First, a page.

Online Stations of the Cross

This year, former FCCB intern Meredith Jackson, PSR student Emily Labrecque, my husband Jason and I decided to do something a little different for Good Friday. We’ve put together an online Stations of the Cross, as a way for people to engage in the day from their home or work. The Stations are designed to let you journey through 14 stations through music, video, art, poetry, and prayer. You can do it all in one sitting, or return to it throughout the day. Check it out, and let us know what you think, and feel free to pass it along!



File:Monarch Butterfly Cocoon 6708.jpg

Read this article from Scientific American, shared from Michelle Cahill. At our last Gather, we talked about resurrection and what hope might look like in the face of death and a changing world. I’ve always thought I got the butterfly metaphor for metamorphosis and even resurrection. I guess I always thought that caterpillars just popped wings out and developed an exoskeleton. But I felt blown away when Michelle described that, for something to be born in as a new being, it first has to dissolve.

I’ve been thinking about the idea of resurrection as not just a revivification, but resurrection as a new thing, a new creation. For me, this notion frees me to not look for resurrection to be the return of something that already felt good and broken and safe, but that new possibility might look radically different; might be strange.

And this may lead me to keep my eyes open to resurrection in places I would never imagine; places beyond the familiar. And that, really, makes more sense to me for moving towards new life–to find it in new places.




The Liturgists: Garden is an creative collaboration between the band Gungor, theologians Rob Bell, Rachel Held Evans, and several others. Their “Garden” series is created for the Good Friday, Holy Saturday, and Easter weekend. It’s so good and so rich I don’t know what to do with myself. I love the way doubt, hope, pain, and faith is all held in creative beauty and called holy.

We’ll be working with the “Sunday” monologue in Gather this week–go ahead and have a listen now as a preview!


Young adults at First Church this week:

Special Events:
April 13: Come eat and plan the Young Adult Service! Second Sunday lunch in Loper Chapel. Food provided! Lunch from 12-12:30, then you are welcome to stick around to help plan the 11:00 Young Adult Service on April 27! RSVP to

April 19: Holy Saturday Service in the Hall of Entrance to the Sanctuary. Benjamin Bigney, First Church young adult member, will be preaching. This will be geared towards young adults, but all are welcome. The evening light through the stained glass windows there is incredible. We will be sitting with the feeling of waiting and stillness between Cross and Resurrection. 7:30 PM.

Gather: How to Save a Life
Thursday April 10
7-8:30, meet in Small Assembly Hall (through “church office” doors on Channing Way)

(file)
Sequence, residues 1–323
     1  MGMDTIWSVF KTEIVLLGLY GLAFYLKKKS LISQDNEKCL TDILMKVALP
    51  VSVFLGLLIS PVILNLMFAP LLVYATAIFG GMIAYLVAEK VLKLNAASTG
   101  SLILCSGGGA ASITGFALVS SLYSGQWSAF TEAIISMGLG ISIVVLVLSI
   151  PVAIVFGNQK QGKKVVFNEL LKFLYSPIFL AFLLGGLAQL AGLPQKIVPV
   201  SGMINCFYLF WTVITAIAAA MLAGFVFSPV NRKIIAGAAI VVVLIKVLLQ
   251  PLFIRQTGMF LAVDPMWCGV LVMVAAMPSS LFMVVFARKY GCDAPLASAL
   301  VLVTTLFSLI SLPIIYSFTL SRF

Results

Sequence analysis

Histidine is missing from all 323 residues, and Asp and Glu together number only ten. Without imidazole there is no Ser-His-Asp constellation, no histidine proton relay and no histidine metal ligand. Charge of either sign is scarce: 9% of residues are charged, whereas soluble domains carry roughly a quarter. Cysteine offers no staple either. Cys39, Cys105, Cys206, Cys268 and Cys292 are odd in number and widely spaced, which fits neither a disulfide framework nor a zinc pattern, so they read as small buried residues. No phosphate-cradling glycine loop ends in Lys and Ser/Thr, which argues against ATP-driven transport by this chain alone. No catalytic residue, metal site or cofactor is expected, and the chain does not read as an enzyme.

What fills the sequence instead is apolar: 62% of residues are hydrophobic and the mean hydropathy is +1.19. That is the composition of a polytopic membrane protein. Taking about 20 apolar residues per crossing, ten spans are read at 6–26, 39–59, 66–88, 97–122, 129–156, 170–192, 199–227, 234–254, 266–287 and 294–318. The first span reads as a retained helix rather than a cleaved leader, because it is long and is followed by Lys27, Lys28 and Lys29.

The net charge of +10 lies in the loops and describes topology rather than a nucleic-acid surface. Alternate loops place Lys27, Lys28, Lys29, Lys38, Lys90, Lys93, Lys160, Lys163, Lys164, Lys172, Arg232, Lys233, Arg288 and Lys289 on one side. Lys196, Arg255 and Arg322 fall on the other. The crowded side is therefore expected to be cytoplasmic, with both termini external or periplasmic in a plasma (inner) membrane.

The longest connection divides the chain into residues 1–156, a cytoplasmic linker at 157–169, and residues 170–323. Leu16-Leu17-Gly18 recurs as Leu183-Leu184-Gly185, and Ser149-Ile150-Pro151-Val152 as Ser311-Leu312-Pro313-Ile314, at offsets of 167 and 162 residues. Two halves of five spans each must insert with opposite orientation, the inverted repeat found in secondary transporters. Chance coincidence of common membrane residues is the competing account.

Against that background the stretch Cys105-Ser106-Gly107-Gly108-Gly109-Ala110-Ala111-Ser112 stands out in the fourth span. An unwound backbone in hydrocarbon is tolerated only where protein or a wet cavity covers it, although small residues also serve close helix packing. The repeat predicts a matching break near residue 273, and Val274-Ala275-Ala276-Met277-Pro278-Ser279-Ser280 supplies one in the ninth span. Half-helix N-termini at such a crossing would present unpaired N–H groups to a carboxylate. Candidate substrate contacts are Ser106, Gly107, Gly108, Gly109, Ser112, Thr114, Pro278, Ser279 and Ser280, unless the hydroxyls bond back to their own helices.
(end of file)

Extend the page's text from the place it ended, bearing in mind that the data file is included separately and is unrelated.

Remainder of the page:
In Thursday Gather this week, we’ll be engaging with the idea of resurrection, and how we have experienced new life and new possibilities.
Check out our Gather Blog for a few articles you can read beforehand. Conversation won’t be specifically around one post, but they will offer some awesome perspectives and questions on the topic.
Please RSVP for dinner to!

Check Out:
Into the Wilderness, a pop-up spiritual community meeting during Lent. Headed by PSR seminarian Leslie Leasure, and co-sponsored by First Church. Contemplative worship Tuesdays in Lent from 6:30-7:30 PM in Loper Chapel.

Cosmic Mass in Oakland on May 25: it’s basically an interfaith worship service and dance party. There’s a DJ and sometimes a Rabbi doing Communion in Aramaic. Or things like that. More details coming soon.

Worship this Sunday, April 13:
This Sunday is Palm Sunday! First Church will have a parade between services complete with the infamous massive puppets. Young Adult Jorge Bautista will be preaching in the 9 AM, and Patricia de Jong will be preaching in the 11 AM.

Things to do Between Services at 10 AM:
Meet in the Middle inter-generational fellowship hour at 10:00, leading into the Palm Sunday Parade at 10:30.
FCCB Cafe in the Small Assembly: catch up with friends, or have breakfast with someone you don’t know yet.
The Cellar Thrift Shop is also open! So much cool stuff.

Ways to Give:
Hang out with Kids: Carolyn Ash, our Director of Children’s Ministries, is looking for folks to hang out with kids during the 11:00 service and help support the Sunday School leader. Email for more info.

Donate Food: Lenten Food Drive is happening now through Easter Sunday, April 20th. Bring in canned foods and non-perishables!

Build something with your own two hands: Rebuilding Together on April 19 and 26. Help rehabilitate the home of a person in need in the local community with First Church members! Contact Janet McDonald ( or Paul Chapman (